BK: Seems like a challenge communicating this to your customers who aren’t anxious to spend a lot of money upgrading their ATM infrastructure.
OW: Most of these recommendations and requirements have to be considerate of the customer environment. We make sure we’ve given them the best guidance we can, but at end of the day our customers are going to decide how to approach this.
BK: You mentioned black-box attacks earlier. Is there one particular threat or weakness that makes this type of attack possible? One recent story on ATM malware suggested that the attackers may have been aided by the availability of ATM manuals online for certain older models.
OW: The ATM technology infrastructure is all designed on multivendor capability. You don’t have to be an ATM expert or have inside knowledge to generate or code malware for ATMs. Which is what makes the deployment of preventative measures so important. What we’re faced with as an industry is a combination of vulnerability on aging ATMs that were built and designed at a point where the threats and risk were not as great.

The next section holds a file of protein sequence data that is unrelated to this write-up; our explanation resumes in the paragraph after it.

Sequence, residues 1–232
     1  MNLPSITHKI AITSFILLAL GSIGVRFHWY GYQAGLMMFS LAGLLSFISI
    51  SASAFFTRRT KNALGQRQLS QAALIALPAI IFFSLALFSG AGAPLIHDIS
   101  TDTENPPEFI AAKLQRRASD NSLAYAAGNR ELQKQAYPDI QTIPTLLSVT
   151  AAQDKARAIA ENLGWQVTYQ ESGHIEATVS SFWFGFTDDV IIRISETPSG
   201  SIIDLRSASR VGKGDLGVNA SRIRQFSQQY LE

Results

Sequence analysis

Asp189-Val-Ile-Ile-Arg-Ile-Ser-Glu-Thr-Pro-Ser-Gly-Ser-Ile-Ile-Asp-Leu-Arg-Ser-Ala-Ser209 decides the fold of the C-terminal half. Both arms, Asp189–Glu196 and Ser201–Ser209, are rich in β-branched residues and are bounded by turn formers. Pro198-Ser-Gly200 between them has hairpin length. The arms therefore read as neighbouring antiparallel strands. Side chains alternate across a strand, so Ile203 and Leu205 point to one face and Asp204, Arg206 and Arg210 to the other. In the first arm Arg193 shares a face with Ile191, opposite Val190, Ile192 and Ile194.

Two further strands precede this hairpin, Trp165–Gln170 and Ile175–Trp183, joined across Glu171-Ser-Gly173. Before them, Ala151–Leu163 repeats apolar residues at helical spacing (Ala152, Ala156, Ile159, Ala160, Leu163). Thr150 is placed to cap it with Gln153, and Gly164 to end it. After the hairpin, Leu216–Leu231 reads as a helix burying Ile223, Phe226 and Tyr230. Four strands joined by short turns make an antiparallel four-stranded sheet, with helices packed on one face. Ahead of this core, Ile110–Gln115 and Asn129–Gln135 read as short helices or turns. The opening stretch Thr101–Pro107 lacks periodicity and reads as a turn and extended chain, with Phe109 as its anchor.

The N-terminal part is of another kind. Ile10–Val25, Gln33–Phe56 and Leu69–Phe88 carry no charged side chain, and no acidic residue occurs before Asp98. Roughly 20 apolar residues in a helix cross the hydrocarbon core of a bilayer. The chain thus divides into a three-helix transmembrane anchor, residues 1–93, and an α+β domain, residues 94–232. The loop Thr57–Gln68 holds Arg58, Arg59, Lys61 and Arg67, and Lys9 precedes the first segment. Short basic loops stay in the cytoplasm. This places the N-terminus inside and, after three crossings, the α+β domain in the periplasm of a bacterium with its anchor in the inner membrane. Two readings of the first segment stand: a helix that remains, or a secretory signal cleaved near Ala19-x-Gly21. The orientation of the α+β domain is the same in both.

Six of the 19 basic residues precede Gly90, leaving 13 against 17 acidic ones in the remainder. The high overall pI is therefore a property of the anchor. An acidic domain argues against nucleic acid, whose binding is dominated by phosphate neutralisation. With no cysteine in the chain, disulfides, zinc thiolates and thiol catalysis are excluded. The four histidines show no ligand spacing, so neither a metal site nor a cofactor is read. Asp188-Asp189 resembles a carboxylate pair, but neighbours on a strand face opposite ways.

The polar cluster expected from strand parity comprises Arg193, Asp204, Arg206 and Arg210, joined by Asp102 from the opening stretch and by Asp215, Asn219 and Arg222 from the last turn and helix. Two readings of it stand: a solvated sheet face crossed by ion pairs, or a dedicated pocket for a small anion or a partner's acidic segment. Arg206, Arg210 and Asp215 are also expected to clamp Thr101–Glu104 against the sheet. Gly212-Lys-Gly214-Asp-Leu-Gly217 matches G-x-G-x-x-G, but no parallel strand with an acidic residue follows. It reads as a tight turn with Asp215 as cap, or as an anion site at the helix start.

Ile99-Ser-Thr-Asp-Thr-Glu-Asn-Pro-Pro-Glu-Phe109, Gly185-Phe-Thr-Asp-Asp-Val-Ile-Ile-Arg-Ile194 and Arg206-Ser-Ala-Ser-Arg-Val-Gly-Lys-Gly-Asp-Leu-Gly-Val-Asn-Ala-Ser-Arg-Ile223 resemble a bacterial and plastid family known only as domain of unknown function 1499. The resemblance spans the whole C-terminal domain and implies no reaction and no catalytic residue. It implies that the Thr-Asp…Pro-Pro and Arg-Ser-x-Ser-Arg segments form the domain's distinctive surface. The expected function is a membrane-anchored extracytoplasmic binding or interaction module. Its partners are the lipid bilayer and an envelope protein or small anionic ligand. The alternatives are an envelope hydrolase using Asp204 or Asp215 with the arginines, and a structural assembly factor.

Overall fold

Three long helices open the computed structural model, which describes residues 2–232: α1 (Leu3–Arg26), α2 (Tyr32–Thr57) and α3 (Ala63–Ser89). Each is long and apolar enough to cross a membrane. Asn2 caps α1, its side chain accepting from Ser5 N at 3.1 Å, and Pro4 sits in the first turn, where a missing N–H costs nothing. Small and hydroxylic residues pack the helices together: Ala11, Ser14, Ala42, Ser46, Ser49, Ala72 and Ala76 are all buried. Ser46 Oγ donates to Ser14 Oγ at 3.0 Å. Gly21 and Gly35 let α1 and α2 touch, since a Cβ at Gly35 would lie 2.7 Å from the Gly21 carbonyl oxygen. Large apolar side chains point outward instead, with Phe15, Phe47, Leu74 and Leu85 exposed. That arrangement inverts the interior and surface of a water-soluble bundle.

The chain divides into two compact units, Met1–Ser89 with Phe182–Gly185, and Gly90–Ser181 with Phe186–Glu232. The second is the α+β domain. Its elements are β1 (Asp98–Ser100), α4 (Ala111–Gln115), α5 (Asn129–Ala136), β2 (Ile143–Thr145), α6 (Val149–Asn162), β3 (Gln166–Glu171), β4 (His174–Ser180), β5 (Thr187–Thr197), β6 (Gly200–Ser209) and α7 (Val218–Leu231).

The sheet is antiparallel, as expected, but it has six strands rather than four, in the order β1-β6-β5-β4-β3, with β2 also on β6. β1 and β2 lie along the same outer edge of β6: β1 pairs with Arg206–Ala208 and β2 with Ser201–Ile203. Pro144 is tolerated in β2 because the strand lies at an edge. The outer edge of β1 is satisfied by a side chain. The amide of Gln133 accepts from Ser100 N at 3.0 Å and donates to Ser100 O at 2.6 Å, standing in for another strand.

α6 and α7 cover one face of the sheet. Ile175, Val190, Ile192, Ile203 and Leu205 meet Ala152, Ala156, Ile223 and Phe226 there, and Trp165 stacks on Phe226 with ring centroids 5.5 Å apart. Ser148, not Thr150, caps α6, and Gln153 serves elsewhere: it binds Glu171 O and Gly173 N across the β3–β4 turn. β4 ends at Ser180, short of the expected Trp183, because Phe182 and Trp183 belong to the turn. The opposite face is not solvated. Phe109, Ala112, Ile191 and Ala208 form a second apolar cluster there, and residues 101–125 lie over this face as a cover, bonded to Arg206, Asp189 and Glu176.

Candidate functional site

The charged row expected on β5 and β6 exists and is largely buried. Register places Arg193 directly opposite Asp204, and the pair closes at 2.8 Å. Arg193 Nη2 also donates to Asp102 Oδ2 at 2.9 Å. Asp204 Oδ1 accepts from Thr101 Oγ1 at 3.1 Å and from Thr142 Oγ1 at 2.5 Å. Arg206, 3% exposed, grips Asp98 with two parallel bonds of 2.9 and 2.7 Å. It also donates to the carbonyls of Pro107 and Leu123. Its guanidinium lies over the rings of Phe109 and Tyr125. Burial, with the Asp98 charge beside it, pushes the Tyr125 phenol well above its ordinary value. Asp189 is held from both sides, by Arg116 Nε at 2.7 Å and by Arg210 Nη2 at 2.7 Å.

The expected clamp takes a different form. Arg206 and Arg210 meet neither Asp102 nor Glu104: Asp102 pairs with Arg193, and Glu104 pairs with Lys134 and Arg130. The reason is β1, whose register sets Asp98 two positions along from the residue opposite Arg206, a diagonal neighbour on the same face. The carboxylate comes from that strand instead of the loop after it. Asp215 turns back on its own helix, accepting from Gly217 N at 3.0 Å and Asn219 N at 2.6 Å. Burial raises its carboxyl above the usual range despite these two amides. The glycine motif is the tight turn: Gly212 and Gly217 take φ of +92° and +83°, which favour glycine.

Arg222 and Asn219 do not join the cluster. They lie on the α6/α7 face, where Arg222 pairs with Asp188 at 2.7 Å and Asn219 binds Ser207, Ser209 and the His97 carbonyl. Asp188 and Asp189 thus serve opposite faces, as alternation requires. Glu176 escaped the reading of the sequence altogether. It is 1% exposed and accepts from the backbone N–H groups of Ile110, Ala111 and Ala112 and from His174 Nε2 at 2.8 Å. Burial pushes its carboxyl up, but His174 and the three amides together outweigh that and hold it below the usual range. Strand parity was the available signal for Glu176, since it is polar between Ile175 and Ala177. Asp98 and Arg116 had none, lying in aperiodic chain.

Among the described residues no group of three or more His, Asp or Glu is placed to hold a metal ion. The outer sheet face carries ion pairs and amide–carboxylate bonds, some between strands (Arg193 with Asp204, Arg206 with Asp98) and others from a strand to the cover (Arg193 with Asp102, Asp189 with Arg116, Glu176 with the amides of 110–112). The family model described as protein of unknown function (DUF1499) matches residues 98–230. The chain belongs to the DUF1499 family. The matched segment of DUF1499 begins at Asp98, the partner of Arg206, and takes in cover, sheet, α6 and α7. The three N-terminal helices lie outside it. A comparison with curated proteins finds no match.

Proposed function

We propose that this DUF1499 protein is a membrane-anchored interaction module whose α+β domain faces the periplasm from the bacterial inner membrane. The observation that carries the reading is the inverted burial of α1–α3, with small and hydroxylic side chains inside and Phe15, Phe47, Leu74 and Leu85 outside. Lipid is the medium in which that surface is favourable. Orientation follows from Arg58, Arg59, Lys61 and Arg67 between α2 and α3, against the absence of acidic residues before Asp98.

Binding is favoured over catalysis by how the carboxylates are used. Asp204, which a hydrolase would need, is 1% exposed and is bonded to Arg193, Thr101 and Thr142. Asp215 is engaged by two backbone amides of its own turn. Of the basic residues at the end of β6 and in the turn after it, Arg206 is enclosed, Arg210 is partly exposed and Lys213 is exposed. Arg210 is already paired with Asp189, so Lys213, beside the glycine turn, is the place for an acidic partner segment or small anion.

According to security firm F-Secure, the malware used in the Malaysian attacks was “PadPin,” a family of malicious software first identified by Symantec. Also, Russian antivirus firm Kaspersky has done some smashing research on a prevalent strain of ATM malware that it calls “Tyupkin.” Their write-up on it is here, and the video below shows the malware in action on a test ATM.
In a report published this month, the European ATM Security Team (EAST) said it tracked at least 20 incidents involving ATM jackpotting with malware in the first half of this year. “These were ‘cash out’ or ‘jackpotting’ attacks and all occurred on the same ATM type from a single ATM deployer in one country,” EAST Director Lachlan Gunn wrote. “While many ATM Malware attacks have been seen over the past few years in Russia, Ukraine and parts of Latin America, this is the first time that such attacks have been reported in Western Europe. This is a worrying new development for the industry in Europe”
Card skimming incidents fell by 21% compared to the same period in 2013, while overall ATM related fraud losses of €132 million (~USD $158 million) were reported, up 7 percent from the same time last year.